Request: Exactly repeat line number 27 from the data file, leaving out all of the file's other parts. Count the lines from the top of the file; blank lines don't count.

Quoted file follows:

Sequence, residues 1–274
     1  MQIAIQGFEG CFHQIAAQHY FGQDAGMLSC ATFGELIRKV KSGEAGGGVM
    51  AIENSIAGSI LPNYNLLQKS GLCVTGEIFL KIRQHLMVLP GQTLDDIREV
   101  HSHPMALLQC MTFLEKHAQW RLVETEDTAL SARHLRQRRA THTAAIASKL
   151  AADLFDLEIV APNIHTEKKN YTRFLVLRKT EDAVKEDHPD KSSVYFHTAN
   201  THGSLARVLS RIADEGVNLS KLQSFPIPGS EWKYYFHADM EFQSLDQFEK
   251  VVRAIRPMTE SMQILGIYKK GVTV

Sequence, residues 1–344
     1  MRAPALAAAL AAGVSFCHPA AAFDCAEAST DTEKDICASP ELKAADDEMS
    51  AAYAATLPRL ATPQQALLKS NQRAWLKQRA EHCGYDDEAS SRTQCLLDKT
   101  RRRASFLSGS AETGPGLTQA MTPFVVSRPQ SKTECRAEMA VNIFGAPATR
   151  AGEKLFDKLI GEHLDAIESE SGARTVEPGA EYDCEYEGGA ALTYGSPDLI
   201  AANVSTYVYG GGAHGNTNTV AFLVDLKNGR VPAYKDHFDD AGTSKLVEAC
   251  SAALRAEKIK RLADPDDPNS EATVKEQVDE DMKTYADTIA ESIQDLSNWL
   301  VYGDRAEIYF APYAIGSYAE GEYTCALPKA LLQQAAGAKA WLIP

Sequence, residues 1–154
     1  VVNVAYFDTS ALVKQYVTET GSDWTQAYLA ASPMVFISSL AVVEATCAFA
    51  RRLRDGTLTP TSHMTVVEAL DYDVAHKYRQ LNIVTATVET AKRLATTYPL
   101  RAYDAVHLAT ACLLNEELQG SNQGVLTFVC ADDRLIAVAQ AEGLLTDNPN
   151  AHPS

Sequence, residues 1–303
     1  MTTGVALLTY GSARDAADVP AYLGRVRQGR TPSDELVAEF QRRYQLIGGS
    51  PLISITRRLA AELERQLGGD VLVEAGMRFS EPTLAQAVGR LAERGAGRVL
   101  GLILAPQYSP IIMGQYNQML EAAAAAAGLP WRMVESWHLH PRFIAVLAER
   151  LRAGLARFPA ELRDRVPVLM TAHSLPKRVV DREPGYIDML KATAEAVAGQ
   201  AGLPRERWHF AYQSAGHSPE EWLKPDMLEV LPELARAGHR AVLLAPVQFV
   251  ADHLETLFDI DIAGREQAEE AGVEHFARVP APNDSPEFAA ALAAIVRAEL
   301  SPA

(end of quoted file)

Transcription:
   251  ADHLETLFDI DIAGREQAEE AGVEHFARVP APNDSPEFAA ALAAIVRAEL